Feb
01
2005

SoundBites

Journalistic Brown-Nosing: Then....

National Security Adviser Henry Kissinger: Now you know I'm going to be sitting there waiting.

ABC's Barbara Walters: You're so full of baloney. How can you be so marvelous, so fantastic, so interesting, so brilliant and so full of.... That's the first question I'm going to ask you.

Kissinger: Only if you complete the sentence.

Walters (Laughter): I'm glad you're back.

--Transcript of a conversation (2/21/73) discussing an upcoming interview (Chicago Tribune, 1/18/05)

...And Now

Neil Cavuto, Fox News: But let me talk a little bit about what you think your message is leaving. Many people say that you broke down the barriers in communications, and brought on this new era of sort of boundless devices for wireless devices. How would you describe it?

FCC Chair Michael Powell: Well, I think you described it beautifully. And I'm proud to hear you say it that way.

--Your World With Neil Cavuto, 1/21/05

Passing the Buck

"It is for historians to judge how well Mr. Bush's actions have fit, or may yet fulfill, his words," wrote the New York Times' Todd Purdum (1/21/05) on the occasion of George W. Bush's second inauguration. Funny--that's what we thought journalists were for. Elsewhere in the same day's Times, reporter Alessandra Stanley wrote: "Anchors and commentators were quick to warn that the few protests that rang out during the ceremony --and a snowball that hit the vice president's car during the motorcade--should not be overemphasized. But they were slow to explain how any demonstrators--or 'bohemian-type people,' as reporter Molly Henneberg of Fox News put it--managed to get so close to the president under what the networks described as the tightest security in memory." Apparently "security" has become officially synonymous with "suppressing dissent."

Remember December?

On CNN's Lou Dobbs Tonight (1/11/05), correspondent Suzanne Malveaux said that George W. Bush’s first choice to head the Department of Homeland Security, former New York police chief Bernard Kerik, “withdrew his nomination after the White House vetting process raised questions.” Do they really have such short memories at CNN that they can't remember that, just a few weeks earlier, Kerik was green-lighted by the White House vetting process? He withdrew his name on December 10 after he had been announced as Bush's choice, saying that he had hired a nanny who was in the country illegally, and in the following days a slew of stories appeared about Kerik's illegal gifts, abuses of power and ties to organized crime--none of which had apparently been noticed by that White House vetting process.

"Everyone Agrees"

Promising to "cut through some of the political rhetoric and look at the reality" of Bush's Social Security plan, ABC’s Good Morning America (1/11/05) examined the retirement future of a married couple in their 40s with "retirement 20 years off." After noting that they each stand to receive a little more than $2,000 a month from Social Security, ABC's Claire Shipman explained that there's a "catch": "One thing everyone agrees on, the Social Security system as it exists now won't be able to afford those payments for long after the Wilsons retire." Actually, few people would agree with that: Many observers believe that Social Security is likely to be able to pay such benefits forever, and even the Social Security trustees, who use very pessimistic assumptions in their forecasts, predict that they will be able to pay full benefits until 2042, when the couple profiled on ABC are statistically likely be dead.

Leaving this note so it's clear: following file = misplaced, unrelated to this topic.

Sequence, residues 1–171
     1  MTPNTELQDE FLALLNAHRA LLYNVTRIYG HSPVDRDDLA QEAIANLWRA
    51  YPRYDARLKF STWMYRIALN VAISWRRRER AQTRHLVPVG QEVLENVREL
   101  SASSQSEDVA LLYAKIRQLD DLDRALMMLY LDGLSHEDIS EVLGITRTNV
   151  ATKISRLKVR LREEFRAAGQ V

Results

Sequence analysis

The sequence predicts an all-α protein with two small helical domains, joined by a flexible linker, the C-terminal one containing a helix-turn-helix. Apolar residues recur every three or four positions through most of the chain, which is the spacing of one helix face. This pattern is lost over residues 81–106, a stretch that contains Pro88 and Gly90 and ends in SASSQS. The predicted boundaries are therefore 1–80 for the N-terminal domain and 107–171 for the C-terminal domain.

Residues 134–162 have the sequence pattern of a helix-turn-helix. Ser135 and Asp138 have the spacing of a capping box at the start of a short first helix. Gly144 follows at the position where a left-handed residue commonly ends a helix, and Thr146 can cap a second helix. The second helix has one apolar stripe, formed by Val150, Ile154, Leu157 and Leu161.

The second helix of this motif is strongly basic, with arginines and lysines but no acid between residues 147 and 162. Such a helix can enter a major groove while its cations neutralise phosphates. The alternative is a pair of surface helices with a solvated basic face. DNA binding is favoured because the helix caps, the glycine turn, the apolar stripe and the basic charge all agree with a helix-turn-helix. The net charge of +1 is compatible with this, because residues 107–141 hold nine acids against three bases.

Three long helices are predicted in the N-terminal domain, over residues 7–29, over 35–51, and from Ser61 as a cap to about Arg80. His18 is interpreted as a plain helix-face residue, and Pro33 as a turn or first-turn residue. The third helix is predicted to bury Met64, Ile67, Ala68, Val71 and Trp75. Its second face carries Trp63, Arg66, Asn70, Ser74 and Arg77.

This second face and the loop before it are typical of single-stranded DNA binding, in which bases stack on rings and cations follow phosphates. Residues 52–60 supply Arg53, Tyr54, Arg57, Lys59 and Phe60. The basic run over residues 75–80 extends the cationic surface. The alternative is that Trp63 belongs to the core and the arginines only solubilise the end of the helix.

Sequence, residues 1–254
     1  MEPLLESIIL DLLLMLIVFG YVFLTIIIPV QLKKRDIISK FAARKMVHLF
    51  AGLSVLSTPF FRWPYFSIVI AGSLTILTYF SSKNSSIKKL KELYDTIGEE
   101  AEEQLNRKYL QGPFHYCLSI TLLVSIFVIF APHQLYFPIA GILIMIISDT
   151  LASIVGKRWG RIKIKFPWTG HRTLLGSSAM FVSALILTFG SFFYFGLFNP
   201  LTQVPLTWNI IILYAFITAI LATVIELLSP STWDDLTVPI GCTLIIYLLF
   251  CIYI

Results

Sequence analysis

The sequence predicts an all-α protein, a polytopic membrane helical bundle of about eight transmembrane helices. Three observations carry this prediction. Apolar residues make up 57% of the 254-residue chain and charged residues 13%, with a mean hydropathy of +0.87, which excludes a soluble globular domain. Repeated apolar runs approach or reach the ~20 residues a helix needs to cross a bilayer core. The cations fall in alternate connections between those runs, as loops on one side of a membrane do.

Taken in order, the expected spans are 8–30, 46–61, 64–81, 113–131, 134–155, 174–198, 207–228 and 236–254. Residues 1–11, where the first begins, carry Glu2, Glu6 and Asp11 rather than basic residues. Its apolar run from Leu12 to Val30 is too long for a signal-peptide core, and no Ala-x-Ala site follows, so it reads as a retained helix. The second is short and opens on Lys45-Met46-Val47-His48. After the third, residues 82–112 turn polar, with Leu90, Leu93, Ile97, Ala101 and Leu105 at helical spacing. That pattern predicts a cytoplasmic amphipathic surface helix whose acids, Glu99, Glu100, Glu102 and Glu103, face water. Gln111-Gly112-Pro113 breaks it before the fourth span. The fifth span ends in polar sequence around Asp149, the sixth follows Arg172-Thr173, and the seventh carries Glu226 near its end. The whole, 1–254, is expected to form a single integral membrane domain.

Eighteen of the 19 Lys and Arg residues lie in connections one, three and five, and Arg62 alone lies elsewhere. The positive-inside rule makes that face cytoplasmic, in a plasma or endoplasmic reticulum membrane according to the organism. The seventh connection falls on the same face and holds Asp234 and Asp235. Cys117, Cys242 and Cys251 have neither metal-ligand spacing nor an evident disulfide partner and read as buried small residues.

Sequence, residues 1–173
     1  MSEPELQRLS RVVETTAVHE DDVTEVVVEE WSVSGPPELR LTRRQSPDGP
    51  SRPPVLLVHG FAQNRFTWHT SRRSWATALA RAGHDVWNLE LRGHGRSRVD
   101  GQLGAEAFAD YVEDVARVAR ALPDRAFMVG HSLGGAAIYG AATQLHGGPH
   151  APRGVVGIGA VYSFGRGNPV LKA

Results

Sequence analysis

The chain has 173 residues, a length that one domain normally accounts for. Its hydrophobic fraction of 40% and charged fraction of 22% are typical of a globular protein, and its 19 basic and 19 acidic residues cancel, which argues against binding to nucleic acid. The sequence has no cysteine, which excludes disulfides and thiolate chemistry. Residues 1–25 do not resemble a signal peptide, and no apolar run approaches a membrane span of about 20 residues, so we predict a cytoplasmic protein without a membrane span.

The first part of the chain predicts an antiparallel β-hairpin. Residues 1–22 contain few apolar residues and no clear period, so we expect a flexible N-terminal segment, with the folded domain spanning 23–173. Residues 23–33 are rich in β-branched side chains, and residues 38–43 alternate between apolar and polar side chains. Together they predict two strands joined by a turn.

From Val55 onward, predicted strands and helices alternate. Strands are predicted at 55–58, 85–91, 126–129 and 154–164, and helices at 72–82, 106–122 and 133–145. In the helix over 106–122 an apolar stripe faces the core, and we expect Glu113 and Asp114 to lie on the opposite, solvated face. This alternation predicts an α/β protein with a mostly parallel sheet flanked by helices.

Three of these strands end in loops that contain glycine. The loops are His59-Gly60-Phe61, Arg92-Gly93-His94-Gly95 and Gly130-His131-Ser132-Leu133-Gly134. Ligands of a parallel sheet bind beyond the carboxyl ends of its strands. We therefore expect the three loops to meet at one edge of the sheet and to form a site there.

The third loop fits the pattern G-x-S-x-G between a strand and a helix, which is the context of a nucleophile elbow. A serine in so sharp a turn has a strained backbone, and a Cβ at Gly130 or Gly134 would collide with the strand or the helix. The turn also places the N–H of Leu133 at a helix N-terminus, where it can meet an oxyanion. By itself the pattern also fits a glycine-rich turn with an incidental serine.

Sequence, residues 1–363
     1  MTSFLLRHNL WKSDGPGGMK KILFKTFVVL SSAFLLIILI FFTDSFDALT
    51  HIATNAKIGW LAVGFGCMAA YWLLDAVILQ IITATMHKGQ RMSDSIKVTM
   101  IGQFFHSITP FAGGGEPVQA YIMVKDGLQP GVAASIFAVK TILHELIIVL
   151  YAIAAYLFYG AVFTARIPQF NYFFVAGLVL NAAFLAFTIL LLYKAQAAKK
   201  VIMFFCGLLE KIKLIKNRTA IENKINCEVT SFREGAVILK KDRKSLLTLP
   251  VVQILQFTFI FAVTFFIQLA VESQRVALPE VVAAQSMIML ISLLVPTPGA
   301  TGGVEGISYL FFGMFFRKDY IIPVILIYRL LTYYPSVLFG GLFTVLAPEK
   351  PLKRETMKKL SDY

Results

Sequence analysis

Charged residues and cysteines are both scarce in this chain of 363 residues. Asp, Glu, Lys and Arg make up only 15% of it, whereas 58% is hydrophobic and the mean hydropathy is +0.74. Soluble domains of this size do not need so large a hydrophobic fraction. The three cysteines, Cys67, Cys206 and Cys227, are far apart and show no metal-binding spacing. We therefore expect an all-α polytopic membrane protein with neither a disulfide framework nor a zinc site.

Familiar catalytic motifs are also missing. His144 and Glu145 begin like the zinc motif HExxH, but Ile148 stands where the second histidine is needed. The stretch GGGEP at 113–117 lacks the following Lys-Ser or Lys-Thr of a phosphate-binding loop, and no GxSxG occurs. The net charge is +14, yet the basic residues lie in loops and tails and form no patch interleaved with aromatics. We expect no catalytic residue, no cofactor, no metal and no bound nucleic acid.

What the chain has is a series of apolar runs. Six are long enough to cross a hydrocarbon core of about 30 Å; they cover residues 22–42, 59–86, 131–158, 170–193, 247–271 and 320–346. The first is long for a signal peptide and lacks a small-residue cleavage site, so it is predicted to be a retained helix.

Man in the Right-Wing Street

A CBS Evening News report (12/9/04) featured one Tad DeHaven as a “poster child for Social Security reform": He was described by correspondent John Roberts as "28 years old, a college graduate, in the work force for six years, getting married next May, expected to retire in 2042" (which Roberts called, inaccurately, "the year Social Security goes broke”). Roberts noted that DeHaven "is fully on board the plan to establish private accounts for Social Security" and "argues doing nothing is not an option." But aside from an oncreen ID linking DeHaven to the "National Taxpayers Union," there was no clue in the piece that DeHaven was not just a regular Joe. In fact, he's a longtime conservative activist, an alum of pro-privatization groups like the Heritage Foundation and Cato Institute, and the co-author of Cato's report “War Between the Generations: Federal Spending on the Elderly Set to Explode”(9/16/03). Presenting him as representative of his generation--as opposed to a representative of a right-wing, anti-Social Security advocacy group--did CBS's viewers a disservice.